Madonna and Child Enthroned with Saints

The Composers

Orlande de Lassus

Musical Rendition - Hieremiae prophetae lamentationes

Orlande de Lassus

Enjoy the music below

Orlande de Lassus (also known as Roland de Lassus) was a Netherlandish or Franco-Flemish composer of the late Renaissance. He is today considered to be the chief representative of the mature polyphonic style of the Franco-Flemish school, and one of the three most famous and influential musicians in Europe at the end of the 16th century (the other two being Palestrina and Victoria). Renaissance composer Orlande de Lassus was born in Mons and got his start as a choirboy. Lassus spent less than a year in Sicily and transferred to Milan for the remainder of the 1540s. He often used an Italian form of his name, Orlando di Lasso. In 1551, Lassus was made choirmaster at St. John of Lateran in Rome, but remained only until 1553, being succeeded by Palestrina. In 1555, Lassus' first book of madrigals and a collection of various secular works appeared simultaneously in Antwerp and Venice, thus beginning his status as a one-man industry of musical publications. Lassus' work accounts for three-fifths of all music printed in Europe between 1555 and 1600. In 1557, the German Duke Albrecht V engaged Lassus' services as a singer at the court in Munich. Lassus status was upgraded to Kapellmeister in 1561. His position enabled considerable travel, and Lassus made frequent trips to Venice, where he met and made friends with the Gabrielis. Judging from the range of settings, both sacred and secular, coming from Lassus in these years, it is apparent he was asked to supply music for a wide variety of events at the court of Duke Albrecht.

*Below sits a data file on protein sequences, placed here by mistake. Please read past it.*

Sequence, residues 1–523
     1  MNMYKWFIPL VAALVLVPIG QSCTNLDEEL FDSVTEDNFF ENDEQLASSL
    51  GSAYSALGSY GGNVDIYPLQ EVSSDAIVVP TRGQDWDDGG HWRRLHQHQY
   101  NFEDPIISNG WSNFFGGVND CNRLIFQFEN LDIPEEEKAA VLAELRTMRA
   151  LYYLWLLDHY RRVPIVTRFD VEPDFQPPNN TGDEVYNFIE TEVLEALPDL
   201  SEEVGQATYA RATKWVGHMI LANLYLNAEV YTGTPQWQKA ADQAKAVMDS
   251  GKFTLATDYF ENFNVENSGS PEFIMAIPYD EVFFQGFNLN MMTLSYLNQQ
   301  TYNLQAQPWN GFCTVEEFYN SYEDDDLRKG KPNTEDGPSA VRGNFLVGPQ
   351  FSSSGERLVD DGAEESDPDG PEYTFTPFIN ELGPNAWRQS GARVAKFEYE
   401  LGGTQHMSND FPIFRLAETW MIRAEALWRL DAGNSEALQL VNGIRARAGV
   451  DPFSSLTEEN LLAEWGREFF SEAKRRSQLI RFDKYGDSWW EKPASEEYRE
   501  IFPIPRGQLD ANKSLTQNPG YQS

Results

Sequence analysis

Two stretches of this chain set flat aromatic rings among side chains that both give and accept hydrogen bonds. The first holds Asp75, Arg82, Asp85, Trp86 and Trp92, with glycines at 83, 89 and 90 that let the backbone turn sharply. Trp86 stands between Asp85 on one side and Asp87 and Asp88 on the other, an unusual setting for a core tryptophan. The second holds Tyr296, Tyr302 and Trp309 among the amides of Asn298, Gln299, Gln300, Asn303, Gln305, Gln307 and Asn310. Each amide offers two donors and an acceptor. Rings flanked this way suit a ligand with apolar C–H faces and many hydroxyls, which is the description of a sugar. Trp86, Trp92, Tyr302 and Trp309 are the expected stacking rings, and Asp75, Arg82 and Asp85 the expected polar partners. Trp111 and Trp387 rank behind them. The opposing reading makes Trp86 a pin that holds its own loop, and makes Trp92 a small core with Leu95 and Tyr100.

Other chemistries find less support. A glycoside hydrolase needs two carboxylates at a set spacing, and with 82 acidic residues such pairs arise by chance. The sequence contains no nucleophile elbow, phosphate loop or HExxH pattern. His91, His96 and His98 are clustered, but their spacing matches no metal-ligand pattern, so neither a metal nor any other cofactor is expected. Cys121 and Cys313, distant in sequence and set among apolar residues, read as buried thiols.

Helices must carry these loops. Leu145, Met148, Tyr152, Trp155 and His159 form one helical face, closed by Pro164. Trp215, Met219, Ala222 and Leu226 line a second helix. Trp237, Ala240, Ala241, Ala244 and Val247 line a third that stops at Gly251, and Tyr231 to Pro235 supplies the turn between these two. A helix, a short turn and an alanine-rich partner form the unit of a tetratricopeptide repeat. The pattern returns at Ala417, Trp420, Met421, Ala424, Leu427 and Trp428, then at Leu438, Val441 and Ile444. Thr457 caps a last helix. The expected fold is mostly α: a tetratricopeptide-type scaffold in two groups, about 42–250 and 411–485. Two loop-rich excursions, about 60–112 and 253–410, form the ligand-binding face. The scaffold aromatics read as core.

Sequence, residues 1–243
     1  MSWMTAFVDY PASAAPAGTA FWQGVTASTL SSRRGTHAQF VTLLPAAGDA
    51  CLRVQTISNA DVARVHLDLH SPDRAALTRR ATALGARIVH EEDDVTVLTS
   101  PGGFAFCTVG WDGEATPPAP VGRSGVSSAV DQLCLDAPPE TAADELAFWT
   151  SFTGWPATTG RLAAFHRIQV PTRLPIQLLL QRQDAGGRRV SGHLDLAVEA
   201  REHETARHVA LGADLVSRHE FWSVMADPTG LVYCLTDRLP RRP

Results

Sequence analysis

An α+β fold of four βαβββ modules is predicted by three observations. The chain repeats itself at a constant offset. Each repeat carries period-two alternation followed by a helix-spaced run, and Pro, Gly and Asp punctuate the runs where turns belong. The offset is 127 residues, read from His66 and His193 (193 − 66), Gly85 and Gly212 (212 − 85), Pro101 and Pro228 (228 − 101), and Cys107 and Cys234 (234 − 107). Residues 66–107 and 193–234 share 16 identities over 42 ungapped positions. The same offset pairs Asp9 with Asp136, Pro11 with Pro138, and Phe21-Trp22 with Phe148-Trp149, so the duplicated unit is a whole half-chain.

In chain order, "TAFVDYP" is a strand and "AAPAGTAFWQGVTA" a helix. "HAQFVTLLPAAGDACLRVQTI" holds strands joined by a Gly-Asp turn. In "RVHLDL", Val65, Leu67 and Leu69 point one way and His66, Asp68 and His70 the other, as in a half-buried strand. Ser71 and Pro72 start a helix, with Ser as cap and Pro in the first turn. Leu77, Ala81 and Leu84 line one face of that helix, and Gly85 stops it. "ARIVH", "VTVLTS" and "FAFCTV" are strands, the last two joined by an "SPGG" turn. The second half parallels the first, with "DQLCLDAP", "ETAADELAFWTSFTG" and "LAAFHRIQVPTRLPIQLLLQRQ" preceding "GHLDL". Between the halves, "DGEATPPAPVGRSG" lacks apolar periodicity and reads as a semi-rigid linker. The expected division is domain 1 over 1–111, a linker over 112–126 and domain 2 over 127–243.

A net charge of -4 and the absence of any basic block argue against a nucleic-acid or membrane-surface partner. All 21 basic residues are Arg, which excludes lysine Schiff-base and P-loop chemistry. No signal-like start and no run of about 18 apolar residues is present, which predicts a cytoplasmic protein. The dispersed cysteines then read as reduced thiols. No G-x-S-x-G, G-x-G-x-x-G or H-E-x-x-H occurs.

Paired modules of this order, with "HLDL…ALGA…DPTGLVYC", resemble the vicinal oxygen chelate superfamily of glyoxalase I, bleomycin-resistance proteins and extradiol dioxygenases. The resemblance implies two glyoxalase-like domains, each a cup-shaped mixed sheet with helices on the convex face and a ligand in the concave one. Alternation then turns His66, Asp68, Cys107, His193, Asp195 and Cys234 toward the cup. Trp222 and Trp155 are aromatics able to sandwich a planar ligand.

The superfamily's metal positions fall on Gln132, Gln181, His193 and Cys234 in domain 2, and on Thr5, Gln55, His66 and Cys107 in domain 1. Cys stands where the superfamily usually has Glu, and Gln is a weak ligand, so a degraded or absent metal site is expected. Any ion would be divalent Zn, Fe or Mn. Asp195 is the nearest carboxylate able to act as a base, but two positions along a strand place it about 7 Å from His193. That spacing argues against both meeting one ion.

Cipriano de Rore

Musical Rendition - Mia Benigna Fortuna

Cipriano de Rore

Enjoy the music below

Cipriano de Rore (occasionally Cypriano) (1515 or 1516 – between 11 and 20 September 1565) was a Franco-Flemish composer of the Renaissance, active in Italy. Not only was he a central representative of the generation of Franco-Flemish composers after Josquin des Prez who went to live and work in Italy, but he was one of the most prominent composers of madrigals in the middle of the 16th century. His experimental, chromatic, and highly expressive style had a decisive influence on the subsequent development of that sacred and secular music form. Rore is principally known for his Italian madrigals, published in several collections during his life-time. He also wrote a small number of French chansons and many secular Latin motets. He wrote a similar amount of sacred vocal music, settings of the Mass and the Magnificent and motets. These compositions typify the style of polyphonic composition current in the generation after Josquin, leading to the changes of the later part of the 16th century.

Renaissance Literature


The philosophical and historical period known as the Renaissance started in Italy during the 14th century and spread throughout Europe, bringing on a rebirth of secular creative endeavors and study after a long period of domination by the Catholic Church. Writers such as Petrarch, Shakespeare and John Milton explored literary themes relating to the Renaissance ideal of individuality — a concept that was relatively new at the time. Renaissance works such as Milton's "Paradise Lost" explore the topic of religion in a critical, though not necessarily negative, manner that implies a degree of questioning and a shift away from dogmatic adherence to religious convention.